Unfortunately, most conferences squander this opportunity. Learning is restricted to broadcast-style lectures, Q&A is often more about status than learning, and attendees have little if any input into the topics and issues discussed.
Peer conferences support change
The peer conferences I’ve been designing and facilitating for 27 years are different. Yes, you can’t make people change. But, as Seth Godin points out, you can create an environment where they choose to!
Peer conferences create an optimal environment for supporting attendees in the difficult work of making changes in their lives.
Peer conferences do this by providing a safe, supportive, and participation-rich environment that includes the freedom to choose what happens.
A safe environment supports attendees taking risks: the risks of thinking about challenges and issues in new ways.
The supportive environment of a peer conference provides process tools that allow attendees to freely explore new possibilities.
A participation-rich environment ensures that attendees are likely to connect with peers who can help them or whom they can help, thus building networks and new capabilities in the future.
The freedom to choose what happens at a peer conference allows attendees to collectively create the meeting that they want and need, rather than be tied to the limited vision of a program committee or the vested interests of conference stakeholders.
These are the core design elements of peer conferences that make them so successful in creating change. Their very design maximize the likelihood that participants will choose to make useful and productive change in their lives.
Here’s a teaser: the introduction to my new book Event Crowdsourcing: Creating Meetings People Actually Want and Need. Interested? Then buy the book!
I’ve always been curious. I’ve always wanted to understand the world I found myself living in.
As a child growing up in England, I was driven to study physics, the most fundamental science. Physics was a way of looking at the world that perhaps had the greatest chance of explaining the mysteries of the universe to me. By the age of twenty-five I had worked on a key neutrino experiment at CERN, the European particle accelerator, and received a Ph.D. for my efforts.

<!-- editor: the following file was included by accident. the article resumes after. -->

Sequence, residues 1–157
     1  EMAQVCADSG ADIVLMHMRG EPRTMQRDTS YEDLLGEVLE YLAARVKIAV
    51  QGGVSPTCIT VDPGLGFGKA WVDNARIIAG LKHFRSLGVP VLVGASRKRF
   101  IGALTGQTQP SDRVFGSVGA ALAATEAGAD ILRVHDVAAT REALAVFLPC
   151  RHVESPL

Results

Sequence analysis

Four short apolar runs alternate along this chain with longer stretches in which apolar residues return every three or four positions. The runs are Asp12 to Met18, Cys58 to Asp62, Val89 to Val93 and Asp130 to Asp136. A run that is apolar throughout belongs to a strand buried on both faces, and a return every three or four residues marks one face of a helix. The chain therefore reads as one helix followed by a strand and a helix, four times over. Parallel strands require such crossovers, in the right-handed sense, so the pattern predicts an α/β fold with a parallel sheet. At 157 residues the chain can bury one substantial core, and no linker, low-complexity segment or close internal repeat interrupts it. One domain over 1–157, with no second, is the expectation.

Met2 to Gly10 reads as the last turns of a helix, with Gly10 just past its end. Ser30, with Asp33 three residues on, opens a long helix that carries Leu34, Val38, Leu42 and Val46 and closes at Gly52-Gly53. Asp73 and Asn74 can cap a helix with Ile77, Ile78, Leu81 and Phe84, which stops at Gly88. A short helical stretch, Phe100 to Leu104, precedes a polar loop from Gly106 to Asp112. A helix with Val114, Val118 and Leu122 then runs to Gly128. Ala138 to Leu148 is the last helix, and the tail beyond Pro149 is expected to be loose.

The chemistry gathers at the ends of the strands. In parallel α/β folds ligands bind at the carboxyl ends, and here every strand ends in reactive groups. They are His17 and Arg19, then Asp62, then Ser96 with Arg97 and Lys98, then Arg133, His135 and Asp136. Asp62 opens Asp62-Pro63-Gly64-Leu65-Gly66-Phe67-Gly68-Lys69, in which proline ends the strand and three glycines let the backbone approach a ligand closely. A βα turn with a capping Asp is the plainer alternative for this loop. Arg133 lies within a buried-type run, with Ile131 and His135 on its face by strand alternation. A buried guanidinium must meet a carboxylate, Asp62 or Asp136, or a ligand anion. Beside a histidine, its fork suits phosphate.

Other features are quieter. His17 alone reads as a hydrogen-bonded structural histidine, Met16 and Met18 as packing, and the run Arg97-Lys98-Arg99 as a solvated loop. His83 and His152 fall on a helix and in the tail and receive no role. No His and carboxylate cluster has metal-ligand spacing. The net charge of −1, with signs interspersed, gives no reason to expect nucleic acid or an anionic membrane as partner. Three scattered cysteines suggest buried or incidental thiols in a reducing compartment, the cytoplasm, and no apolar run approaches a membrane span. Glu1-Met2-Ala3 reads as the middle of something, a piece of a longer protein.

But a funny thing happened along the way. I became increasingly curious about people. The neutrino research was a collaboration of eighty scientists and hundreds of support personnel from five different countries. The social and cultural differences that shaped our frequent meetings fascinated me. Heated discussions about how we should proceed and whose names should go on our journal articles flared and sputtered. I marveled at the energy scientists poured into the politics of their work. Their passions frequently distracted and detracted from the science we were exploring.
Understanding people better became important to me. I immigrated to the United States after falling in love with Vermont, a rural state with no opportunity to continue the big-lab science path I’d been traveling. I embarked on a series of careers that increasingly integrated my technical background with working with people: owning and managing a solar energy business, teaching computer science at a liberal arts college, and consulting in information technology.
Can a rehearsal be better than a concert? You be the judge!
Every summer since 1951, the world-famous Marlboro Music Festival takes place my small Vermont hometown. Last week my wife and I attended the free morning rehearsals for two pieces of chamber music — Mozart’s Horn Quintet and Dvořák’s Piano Trio No. 3 — played at the formal concert that afternoon.
Around twenty-five people showed up in an auditorium that, in a few hours, would be filled with hundreds. We could sit anywhere! Naturally, we chose front row center.
Earlier Festival rehearsals are held in classrooms scattered around the Marlboro College campus. Many years ago, when I taught at the school, I’d wander around during the summer and hear beautiful scattered fragments of music. Auditorium rehearsals are the last before the performance, so they tend to contain long stretches of music, punctuated with only a few pauses and occasional repetitions at the ends of movements.
This rehearsal was no exception. The artists played both pieces through with little interruption. They conferred with each other on stage, but we couldn’t easily hear what they were saying.
After the rehearsal we noticed that several friends were present, and it was easy to stroll over and spend some time chatting.
Rehearsal versus concert